Over the years I have written several "book" or "booklets" and many, many, many newsletter and bulletin articles. Because the book market seeks writings to meet specific needs at specific times, my material has never been accepted. I have a tendency to write what is on my mind and so I am left with self publishing. So, with the encouragement from my wife and others, I am beginning this blog in order to put my "ramblings" "out there"! I hope you enjoy!


Please note that while my intentions are to use good grammar, because of the way in which some of the material presented here is presented (orally) the grammar and syntax might not always be the best English. Also note that good theology is not always presented in the best English so there may be times when the proper grammar rules are purposely broken.

Sunday, March 11, 2012

Cleaning - March 11, 2012 - Third Sunday in Lent - Text: John 2:2:13-22 [23-25]

Last week Jesus explained to us exactly what it means and how much it costs to be a disciple. It means, “denying yourself, taking up your cross and following Jesus.” It costs giving up life in this world for life in the world to come, eternal life. We were also reminded that because of our own sinful nature, in and of ourselves, we are not able to do these things. It is only by the power of the Holy Spirit working in and through us that we can be followers of Jesus. This morning we continue our journey with Jesus as we see Him, once again, demonstrate what it means to “deny yourself, take up your cross and follow Him.” One thing I will ask of you this morning, “do not lose your focus on the events which are being played out in our text. Keep your eye focused on Jesus’ demonstration of discipleship.” If you miss it, I will bring it back into focus later.

Since Jesus turned twelve years old and was legally an adult He has attended the three celebrations required by law. These required celebrations were the celebration of the Passover, the celebration of Pentecost, and the Feast of Tabernacles or booths. These celebrations meant going up to Jerusalem to the temple. These celebrations were huge events with many people coming from all over to take part.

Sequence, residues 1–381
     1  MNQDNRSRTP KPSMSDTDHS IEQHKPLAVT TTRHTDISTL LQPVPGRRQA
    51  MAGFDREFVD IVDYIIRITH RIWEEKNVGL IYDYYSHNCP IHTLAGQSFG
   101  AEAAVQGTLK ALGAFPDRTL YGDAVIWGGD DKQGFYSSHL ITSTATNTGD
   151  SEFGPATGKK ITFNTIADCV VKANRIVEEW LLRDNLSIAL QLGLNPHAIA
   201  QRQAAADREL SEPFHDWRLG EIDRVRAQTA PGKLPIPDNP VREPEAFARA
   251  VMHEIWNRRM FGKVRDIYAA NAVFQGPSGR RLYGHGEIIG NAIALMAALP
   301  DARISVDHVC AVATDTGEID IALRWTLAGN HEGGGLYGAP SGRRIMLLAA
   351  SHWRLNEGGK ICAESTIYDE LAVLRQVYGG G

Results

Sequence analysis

Our text for this morning brings us to the particular celebration of the Passover. This celebration required that sacrifices would be made by the people. Many people who came to the Passover celebration came from far away. Some came and bought the animal they would sacrifice when they arrived in town. Others brought their own animals with them. The problem with the one’s who brought their own animal was that the animal had to pass the inspection of the priest to make sure it was a spotless animal. However, many times it would appear that the animal was deemed as unworthy for the sacrifice. Once they were deemed unworthy they had to sell the animal and buy one which was worthy, at least, according to the priest.

For many years the ones who were selling these animals were down the street, maybe at the other end of town. Over the years they found it more convenient to be closer to the temple, until at this time they had already reached the temple courtyard, the courtyard of the Gentiles. So, in Jesus day, the temple courtyard was overrun with these zealous sellers of “spotless” animals for sacrificing in the temple. All this is according to the “letter of the law.” I suppose that if a modern day news team were to investigate what was happening that they might find that the same animals which were deemed unfit for sacrifice were later sold to someone else as being fit for sacrifice. I suppose they would uncover a nice money making scheme in which little or nothing was paid for an “unfit” animal and then the price hiked on one which would be declared “fit.”